Singer and songwriter Anjulie, who was born in Canada, has experienced many things in her life. Among them is the song, “The Boys,” she wrote for Nicki Minaj and Cher Lloyd’s “Stand Behind the Music.” 

Songwriting for other artists is a large aspect of Anjulie’s musical career. She has fun doing that. Her single “Brand New Bitch” is now available via iTunes.

During an interview, Anjulie spoke about her passion of music, musical influences, social media, favorite things about Los Angeles and hobbies, among other things.

Campus Circle: How did you first get involved with music and how did you find your passion for it?

Anjulie: I think my first intro to music was through prose. I started writing poetry when I was very young. I won some poetry contest in 3rd grade. It was about a cat, but I forget the poem. I won some award and then had to present it in front of the entire school. I remember I was terrified, but I also remember being really excited.

CC: Since then, what do you consider your greatest reward of being in the industry?

A: I would say, when my first single in Canada blew up. I played a show there for the first time. I went from playing in coffee shops, hustling in Toronto, to moving to the United States and working on this record. When I went back, the show was packed and everyone was familiar with my work.

CC: How did that make you feel?

A: It was amazing; it just validated everything. I felt validated. As much as artists say they do it for the art, you can only do that for so long. At some point, you need to feel reciprocity from your audience. Otherwise, you're just delusional. It was good to know I wasn't delusional.

CC: Growing up, did you see yourself doing something other than music?

A: When I was growing up, I told my dad I wanted to be an astronaut. Then I went on a plane, and I got really bad ear pressure, and I couldn't deal with it. To this day, it still happens. When I'm flying or scuba diving, same thing happens. I have to chew gum, etc. Despite my love for science, I decided to become an artist.

CC: Can you tell us about your musical influences?

A: I was always very inspired by female singer-songwriters like Nelly Furtado, Alanis Morisette, Lauryn Hill, Missy Elliot, and Janet Jackson. The ones that really told it like it is – ones that were real.

CC: How important is it for you to stay active and interact with your fans through social networks?

A: Very important. I really do try to respond to everyone, unless my day doesn't permit it. I really appreciate my fans. I appreciate that that 'fourth wall' has come down. I was watching Liz & Dick the other day, about Elizabeth Taylor and Richard Burton, and how everything back then was super secretive. And of course there's something to be said about the romanticism of that. But nowadays, that 'fourth wall' has come down, and I'm glad, because you get to directly interact with your followers and build special relationships. They really do become like your friends.

CC: What’s the inspiration behind the single and video for “You and I”?

A: The inspiration behind that was Benny Benassi because he played this track for me before I put my vocals on it. It was the week of Donna Summer's death, and I was inspired by this sort of 70's disco with sweet, emotional vocals on top.

CC: What advice can you give the youth who wish to follow in the footsteps you've taken to enter the music industry?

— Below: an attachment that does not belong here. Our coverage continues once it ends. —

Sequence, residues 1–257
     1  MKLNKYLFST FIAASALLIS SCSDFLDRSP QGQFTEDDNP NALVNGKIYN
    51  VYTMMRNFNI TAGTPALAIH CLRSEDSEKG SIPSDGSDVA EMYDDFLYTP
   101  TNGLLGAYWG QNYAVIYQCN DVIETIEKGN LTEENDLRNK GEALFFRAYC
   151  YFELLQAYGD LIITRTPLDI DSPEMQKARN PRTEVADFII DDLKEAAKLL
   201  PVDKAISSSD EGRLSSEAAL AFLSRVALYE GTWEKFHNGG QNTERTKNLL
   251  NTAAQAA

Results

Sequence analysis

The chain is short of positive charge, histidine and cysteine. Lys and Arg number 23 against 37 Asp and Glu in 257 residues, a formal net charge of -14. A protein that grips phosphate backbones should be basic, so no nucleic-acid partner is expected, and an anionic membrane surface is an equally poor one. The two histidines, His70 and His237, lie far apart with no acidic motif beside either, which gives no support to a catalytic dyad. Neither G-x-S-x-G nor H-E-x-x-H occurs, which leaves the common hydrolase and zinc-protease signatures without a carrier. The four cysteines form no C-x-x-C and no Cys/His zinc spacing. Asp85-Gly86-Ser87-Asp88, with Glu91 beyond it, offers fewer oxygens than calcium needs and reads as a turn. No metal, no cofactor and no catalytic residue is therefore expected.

A: I think it can all happen in different ways. But I think it's important to focus on what you're doing, as opposed to how you get it out. I've always been an advocate of that. There are many distractions. You can be a YouTube star in a minute and then go away. I think it's really important to really develop your craft, whatever it is. If you focus on making your work the best it can be, it's not only fulfilling to you, but people can also appreciate that.  

CC: What do you feel your responsibilities are as an artist?  Is it mainly to entertain your fans, or is it also about delivering important messages to society?

A: I don't see that I have the responsibility to deliver important messages. However, I do feel it is my responsibility to be authentic, and portray myself as I really am. I swear in real life so I swear in my songs. The most important thing is that I express what I really mean to say.

CC: What has the city of Los Angeles meant to you?

A: I moved here about 3 years ago. I think it's great.; it's the epitome of the American Dream. However, I do still feel a bit socially awkward here – out of place. But I appreciate the fact that there are a lot of work opportunities. I remember being in Canada in my room with my guitar. I like being around like-minded people.

CC: What do you like most about L.A.?

A: I guess the people. The fact that there are so many creative people, and how there's always something going on; it's exciting.

CC: What do you do in your free time?

A: I like to make juices. I worked at making juices in N.Y. I love making really weird concoctions and just got really into it.

CC: Artists tend to be very fashion-conscious either because they enjoy it, or because the profession often requires it. What does fashion mean to you?

A: It's awesome. My sister works at an office and so has to wear suits, etc. I like the fact that I can wear boots with leopard pants, etc. I really like to be comfortable. I don’t like wearing things that make me feel awkward or uncomfortable.  

CC: Do dreams come true or does hard work pay off?

A: I think both. It's a combination of luck and preparation and opportunity. I think Justin Bieber's dreams came true, but he's a hard worker. I think Sheryl Crowe's dreams came true, but she's a hard worker, and they're two totally different artists.